How diverse is the Muslim population?

The Muslim population is highly diverse, including various ethnic groups, cultures, and languages worldwide.

How do Arab and Muslim identities intersect?

While they can intersect, especially in the Arab world where the majority are Muslims, the two identities are distinct, with Arab referring to ethnicity and Muslim referring to religious belief.

Are there Arab communities outside the Arab world?

Yes, there are significant Arab diasporas in Europe, the Americas, and other regions.

What differentiates Arab culture from Islamic culture?

Arab culture is tied to language and ethnicity, while Islamic culture is based on religious practices and beliefs, transcending ethnic lines.

Can Arab culture be found in non-Arab Muslim countries?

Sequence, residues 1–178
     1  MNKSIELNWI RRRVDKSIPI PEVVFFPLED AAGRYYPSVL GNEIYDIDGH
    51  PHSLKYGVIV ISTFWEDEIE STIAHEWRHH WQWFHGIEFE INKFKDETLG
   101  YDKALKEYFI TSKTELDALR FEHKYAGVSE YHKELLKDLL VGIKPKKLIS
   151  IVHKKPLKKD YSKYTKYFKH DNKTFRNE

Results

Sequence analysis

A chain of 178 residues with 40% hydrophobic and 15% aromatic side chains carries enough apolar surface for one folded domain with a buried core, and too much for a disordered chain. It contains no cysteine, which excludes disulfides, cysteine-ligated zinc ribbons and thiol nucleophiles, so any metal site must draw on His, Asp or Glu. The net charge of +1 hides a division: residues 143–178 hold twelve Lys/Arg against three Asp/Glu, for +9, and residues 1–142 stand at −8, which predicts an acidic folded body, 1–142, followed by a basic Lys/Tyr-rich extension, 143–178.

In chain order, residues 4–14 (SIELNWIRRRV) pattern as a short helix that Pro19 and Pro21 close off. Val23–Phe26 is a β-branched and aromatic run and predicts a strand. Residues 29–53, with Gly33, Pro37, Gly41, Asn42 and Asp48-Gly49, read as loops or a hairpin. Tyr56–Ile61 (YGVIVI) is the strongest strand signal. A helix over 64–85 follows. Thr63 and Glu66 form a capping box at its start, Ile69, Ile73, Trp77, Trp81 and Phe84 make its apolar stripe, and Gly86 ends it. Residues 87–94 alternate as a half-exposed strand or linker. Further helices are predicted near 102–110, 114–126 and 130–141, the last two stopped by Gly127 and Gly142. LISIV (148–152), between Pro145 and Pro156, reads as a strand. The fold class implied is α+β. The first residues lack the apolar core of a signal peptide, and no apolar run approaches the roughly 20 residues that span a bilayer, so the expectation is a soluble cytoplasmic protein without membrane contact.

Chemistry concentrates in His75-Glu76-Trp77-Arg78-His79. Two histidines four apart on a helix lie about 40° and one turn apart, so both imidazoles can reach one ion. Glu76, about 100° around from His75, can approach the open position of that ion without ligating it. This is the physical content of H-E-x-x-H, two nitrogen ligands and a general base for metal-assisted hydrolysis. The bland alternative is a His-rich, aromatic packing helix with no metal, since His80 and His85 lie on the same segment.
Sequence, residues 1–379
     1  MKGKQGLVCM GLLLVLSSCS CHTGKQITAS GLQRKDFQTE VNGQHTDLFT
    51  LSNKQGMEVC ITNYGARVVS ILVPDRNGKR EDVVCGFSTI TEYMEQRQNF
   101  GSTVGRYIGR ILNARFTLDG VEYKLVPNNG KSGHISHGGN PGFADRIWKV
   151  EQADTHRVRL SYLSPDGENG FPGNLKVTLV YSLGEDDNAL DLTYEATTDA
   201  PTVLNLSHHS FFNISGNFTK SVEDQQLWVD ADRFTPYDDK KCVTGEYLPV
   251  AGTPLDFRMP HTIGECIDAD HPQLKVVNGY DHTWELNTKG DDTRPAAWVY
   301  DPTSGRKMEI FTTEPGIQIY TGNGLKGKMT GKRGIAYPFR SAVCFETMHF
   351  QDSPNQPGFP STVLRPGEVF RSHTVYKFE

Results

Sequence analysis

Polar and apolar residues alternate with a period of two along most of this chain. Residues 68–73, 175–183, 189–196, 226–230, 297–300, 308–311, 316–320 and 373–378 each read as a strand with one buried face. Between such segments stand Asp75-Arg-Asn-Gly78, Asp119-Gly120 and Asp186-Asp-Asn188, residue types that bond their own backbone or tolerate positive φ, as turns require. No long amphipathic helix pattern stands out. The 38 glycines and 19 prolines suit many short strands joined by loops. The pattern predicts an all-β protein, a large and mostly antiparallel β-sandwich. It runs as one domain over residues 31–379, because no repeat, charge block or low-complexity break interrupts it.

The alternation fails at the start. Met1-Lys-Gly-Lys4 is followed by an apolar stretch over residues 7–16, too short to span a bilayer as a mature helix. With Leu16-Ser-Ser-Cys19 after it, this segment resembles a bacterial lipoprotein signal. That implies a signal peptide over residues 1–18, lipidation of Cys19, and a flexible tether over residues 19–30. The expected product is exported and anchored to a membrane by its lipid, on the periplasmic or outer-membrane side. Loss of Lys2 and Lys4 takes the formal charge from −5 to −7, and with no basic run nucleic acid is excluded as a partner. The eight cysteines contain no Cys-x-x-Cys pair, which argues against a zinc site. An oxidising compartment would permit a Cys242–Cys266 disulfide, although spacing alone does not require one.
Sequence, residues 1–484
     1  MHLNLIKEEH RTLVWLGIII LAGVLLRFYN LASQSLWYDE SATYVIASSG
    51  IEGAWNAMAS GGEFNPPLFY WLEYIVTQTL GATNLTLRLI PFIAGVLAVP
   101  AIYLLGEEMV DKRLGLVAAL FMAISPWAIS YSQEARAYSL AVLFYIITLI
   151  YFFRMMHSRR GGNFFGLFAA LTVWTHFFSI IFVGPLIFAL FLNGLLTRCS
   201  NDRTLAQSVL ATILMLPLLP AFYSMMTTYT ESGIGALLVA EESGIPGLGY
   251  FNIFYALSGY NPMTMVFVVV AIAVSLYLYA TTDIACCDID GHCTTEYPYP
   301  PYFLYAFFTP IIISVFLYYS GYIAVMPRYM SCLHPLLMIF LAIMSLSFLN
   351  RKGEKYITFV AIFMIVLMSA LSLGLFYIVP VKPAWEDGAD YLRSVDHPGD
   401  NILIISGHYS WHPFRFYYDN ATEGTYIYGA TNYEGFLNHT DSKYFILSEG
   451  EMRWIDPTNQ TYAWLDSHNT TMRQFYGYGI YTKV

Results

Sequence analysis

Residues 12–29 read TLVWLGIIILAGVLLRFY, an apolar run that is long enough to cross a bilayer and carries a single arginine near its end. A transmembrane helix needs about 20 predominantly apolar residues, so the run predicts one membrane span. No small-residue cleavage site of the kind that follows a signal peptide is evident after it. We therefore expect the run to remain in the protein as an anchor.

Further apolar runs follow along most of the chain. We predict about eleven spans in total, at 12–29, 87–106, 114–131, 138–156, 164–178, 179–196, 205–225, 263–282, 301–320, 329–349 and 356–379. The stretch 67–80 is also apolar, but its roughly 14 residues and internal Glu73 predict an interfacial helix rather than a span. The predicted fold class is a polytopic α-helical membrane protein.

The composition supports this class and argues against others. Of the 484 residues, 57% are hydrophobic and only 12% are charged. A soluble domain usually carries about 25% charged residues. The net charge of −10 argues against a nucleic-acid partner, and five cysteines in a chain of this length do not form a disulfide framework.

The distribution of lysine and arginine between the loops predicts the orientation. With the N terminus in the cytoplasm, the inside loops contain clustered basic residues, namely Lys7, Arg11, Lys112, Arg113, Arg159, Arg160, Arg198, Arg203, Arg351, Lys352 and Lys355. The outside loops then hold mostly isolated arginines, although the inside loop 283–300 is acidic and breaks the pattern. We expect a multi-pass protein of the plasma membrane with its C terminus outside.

Elements of Arab culture, such as language and certain customs, can be found in non-Arab Muslim countries, primarily due to the influence of Islam.

What role does Arabic play in Islam?

Arabic is the language of the Quran and is used in prayers and religious practices by Muslims around the world.

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Author Spotlight

Written by
Tayyaba Rehman
Tayyaba Rehman is a distinguished writer, currently serving as a primary contributor to As a researcher in semantics and etymology, Tayyaba's passion for the complexity of languages and their distinctions has found a perfect home on the platform. Tayyaba delves into the intricacies of language, distinguishing between commonly confused words and phrases, thereby providing clarity for readers worldwide.
Co-written by
Maham Liaqat